|Title||The 1st Canadian Parachute Battalion in France (6 June - 6 September 1944)|
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was seen in the large number of prisoners captured from the battalion on the first day. Two platoons of "B" Company landed in the marshy ground south and west of ROBEHOMME, two miles from their prescribed D.Z. One stick of ten men from "C" Company dropped west of the ORNE River, below OUISTREHAM, more than four miles from its intended target. These parachutists were fortunate in making their way to rejoin the battalion on the following day. That so many did return safely to their unit speaks well for their individual initiative and the thoroughness of the briefing given all ranks prior to departure from England. Among the Vickers and Mortar Platoons there was an unexpectedly heavy wastage in weapons. Machine guns and mortars were carried in special kit bags, many of which tore loose during the jump and were lost (W.D., 1 Cdn Para Bn, 6 Jun 44).
10. In spite of its initial dispersion the battalion achieved surprise, and all objectives were speedily attained. "C" Company, having secured the Dropping Zone, demolished the bridge across the DIVETTE River at VARAVILLE, and engaged a German strong point just west of the town. This position, which had to be cleared in order to secure the Dropping Zone, proved much more strongly held than had been expected. By 1030 hrs the enemy pillbox had surrendered, but not before a large number of Canadian casualties had been sustained. Its capitulation was largely brought about by the effect of our P.I.A.T. bombs, according to the evidence of a Canadian mortar detachment commander, who had landed on top of the enemy position and temporarily been held prisoner. The reduction of this post, and the destruction of the MERVILLE battery by 9 Para Bn, removed the two strongest local enemy threats to the security of the brigade area. At 1500 hours cycle troops of 6 Commando arrived, and "C" Company proceeded to the battalion area at LE MESNIL. Meanwhile the other Companies had had little difficulty in achieving their objectives. "A" Company, having covered the flank of 9 Para Bn in its successful assault on the bomb-shattered MERVILLE battery (86 Halifaxes and 13 Lancasters of 6 Group, R.C.A.F. formed the major part of a force which dropped a full bombload on the target prior to the assault) and its subsequent withdrawal to LE PLEIN, rejoined its own battalion at the LE MESNIL - BAVENT crossroads at 1530 hrs. Blowing its bridge across the DIVES River, at ROBEHOMME, "B". Coy established a defence position and observation post on ROBEHOMME HILL (1873). It remained there for a day and a half, after which the withdrawal, under German pressure, of 6 Commando from VARAVILLE compelled the removal of the company from its exposed forward site. It was called back under cover of darkness on the night 7/8 June, and reached Bn H.Q. at 0330 hrs on the morning of 8 June.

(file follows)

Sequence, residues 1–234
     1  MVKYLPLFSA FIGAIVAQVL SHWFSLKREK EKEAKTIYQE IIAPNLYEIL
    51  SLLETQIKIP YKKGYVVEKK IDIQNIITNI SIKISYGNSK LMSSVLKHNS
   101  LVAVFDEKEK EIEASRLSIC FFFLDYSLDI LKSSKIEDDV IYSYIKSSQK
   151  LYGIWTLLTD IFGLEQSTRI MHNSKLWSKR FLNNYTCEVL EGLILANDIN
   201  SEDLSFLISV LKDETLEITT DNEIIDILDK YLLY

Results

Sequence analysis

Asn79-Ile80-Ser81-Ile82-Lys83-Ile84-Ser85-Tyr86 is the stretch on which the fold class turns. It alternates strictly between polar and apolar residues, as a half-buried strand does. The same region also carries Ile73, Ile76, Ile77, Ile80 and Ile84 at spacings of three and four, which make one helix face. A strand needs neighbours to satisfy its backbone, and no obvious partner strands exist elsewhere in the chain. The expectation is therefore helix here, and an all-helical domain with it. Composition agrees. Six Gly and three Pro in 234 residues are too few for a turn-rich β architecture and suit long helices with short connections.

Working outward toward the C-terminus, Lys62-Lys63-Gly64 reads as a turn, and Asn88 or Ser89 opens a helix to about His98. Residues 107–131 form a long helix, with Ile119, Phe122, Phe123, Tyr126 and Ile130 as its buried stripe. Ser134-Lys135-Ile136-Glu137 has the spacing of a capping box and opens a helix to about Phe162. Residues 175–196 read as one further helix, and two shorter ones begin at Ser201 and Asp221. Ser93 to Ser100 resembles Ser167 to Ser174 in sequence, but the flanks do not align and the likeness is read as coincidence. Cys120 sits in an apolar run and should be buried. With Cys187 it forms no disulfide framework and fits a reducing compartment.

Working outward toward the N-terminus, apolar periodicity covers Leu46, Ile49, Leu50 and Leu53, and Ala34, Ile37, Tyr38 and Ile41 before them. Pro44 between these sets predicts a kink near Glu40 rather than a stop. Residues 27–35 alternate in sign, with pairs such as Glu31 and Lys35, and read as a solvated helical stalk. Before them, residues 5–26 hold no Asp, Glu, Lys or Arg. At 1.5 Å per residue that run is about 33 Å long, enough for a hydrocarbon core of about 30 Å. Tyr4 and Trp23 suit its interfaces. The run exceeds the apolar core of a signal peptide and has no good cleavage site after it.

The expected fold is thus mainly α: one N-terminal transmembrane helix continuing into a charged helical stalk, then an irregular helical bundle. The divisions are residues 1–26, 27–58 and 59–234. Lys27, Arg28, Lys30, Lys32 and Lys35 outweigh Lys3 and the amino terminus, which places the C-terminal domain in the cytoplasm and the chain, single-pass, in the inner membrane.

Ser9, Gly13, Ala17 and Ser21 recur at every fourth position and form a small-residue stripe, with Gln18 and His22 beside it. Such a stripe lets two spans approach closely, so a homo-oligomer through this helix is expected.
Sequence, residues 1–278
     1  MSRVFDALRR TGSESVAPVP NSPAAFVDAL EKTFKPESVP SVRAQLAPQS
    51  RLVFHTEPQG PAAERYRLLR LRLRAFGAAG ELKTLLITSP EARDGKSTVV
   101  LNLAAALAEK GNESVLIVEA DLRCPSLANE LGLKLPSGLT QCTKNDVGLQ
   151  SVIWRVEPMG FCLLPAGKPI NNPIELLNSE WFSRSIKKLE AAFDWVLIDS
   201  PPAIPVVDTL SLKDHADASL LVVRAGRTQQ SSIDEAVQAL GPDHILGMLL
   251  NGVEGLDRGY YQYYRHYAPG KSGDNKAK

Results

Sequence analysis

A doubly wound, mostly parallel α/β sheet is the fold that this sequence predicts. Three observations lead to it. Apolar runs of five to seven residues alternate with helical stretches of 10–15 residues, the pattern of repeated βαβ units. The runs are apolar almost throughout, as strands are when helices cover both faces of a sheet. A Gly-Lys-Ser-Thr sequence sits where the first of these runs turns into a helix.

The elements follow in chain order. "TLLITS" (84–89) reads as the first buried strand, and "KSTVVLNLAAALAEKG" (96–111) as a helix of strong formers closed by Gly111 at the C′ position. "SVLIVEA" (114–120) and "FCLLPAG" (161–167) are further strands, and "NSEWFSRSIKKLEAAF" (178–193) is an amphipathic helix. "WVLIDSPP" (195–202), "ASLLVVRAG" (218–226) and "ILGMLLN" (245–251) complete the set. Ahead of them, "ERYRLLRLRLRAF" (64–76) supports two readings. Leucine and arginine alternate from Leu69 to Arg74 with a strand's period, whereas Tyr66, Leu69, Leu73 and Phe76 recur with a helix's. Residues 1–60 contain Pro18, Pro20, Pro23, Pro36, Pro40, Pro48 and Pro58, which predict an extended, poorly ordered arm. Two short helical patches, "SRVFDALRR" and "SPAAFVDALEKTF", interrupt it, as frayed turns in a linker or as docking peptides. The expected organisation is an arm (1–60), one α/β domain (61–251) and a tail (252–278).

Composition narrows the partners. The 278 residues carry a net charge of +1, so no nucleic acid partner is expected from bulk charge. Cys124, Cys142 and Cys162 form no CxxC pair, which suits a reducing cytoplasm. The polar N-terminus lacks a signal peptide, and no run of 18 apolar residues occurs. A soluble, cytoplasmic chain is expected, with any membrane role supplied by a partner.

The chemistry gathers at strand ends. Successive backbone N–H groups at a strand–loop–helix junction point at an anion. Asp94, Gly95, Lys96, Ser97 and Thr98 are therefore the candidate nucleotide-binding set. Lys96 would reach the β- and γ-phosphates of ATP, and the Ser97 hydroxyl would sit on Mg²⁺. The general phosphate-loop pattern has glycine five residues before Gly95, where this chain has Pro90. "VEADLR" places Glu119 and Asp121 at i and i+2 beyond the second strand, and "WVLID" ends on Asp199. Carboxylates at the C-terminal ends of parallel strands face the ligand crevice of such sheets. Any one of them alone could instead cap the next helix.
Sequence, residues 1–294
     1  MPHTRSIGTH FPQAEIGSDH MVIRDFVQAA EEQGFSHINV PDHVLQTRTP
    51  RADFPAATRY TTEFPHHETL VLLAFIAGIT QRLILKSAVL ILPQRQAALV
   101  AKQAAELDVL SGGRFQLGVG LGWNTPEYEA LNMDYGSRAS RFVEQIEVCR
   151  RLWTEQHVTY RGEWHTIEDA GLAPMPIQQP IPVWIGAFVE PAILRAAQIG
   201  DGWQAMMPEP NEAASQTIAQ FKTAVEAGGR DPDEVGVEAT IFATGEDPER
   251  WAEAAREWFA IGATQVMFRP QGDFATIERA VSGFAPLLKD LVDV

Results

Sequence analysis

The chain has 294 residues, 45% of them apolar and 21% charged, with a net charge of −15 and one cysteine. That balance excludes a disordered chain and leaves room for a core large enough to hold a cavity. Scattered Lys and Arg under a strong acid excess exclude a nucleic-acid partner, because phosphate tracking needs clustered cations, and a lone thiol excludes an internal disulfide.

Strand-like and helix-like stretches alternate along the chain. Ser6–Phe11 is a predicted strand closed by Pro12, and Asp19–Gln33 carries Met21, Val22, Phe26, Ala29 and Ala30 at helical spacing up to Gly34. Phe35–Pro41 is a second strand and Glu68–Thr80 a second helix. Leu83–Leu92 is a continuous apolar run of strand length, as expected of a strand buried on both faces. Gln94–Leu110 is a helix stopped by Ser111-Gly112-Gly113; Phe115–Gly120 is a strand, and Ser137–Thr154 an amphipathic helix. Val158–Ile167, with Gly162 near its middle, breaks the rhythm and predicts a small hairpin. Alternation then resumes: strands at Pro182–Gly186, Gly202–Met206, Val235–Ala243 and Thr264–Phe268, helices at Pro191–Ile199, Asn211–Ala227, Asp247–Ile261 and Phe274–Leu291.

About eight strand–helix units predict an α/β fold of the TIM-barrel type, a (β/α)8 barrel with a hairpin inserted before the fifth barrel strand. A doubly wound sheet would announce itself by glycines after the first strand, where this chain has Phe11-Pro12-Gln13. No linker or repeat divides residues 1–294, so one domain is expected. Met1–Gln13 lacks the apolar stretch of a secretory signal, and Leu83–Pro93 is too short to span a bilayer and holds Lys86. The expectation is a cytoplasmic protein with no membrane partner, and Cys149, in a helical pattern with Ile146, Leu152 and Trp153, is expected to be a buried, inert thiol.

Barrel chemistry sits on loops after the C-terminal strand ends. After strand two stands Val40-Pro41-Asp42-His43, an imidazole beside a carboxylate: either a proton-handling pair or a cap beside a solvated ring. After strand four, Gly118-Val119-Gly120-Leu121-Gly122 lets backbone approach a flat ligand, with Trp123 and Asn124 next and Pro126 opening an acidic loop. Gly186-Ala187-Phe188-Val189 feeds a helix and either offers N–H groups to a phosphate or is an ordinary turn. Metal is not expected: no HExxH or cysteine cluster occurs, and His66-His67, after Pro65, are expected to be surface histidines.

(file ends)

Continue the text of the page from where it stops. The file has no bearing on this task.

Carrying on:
11. The Canadian battalion's initial success was characteristic of that achieved by 3 Para Bde and by the Division as a whole. All bridges from TROARN to VARAVILLE had been blown by the 3 Para Bde units. By 1200 hrs on D-day the important bridges over the CANAL DE CAEN A LA MER and the ORNE River west of RANVILLE had been captured intact by 5 Para Bde, and by 2100 hrs the two airborne battalions of 6 Airlanding Bde (1 R.U.R. and 2 Oxf Bucks) had made successful glider landings. 1 Airlanding Recce Regt was reported to have probed to the outskirts of CAEN before rejoining 6 Airborne Div. Divisional F.D.Ls, had been established through LONGUEVAL (0872),ESCOVILLE (1271) and along the main road running south-east to, but excluding, TROARN (1667). Continual
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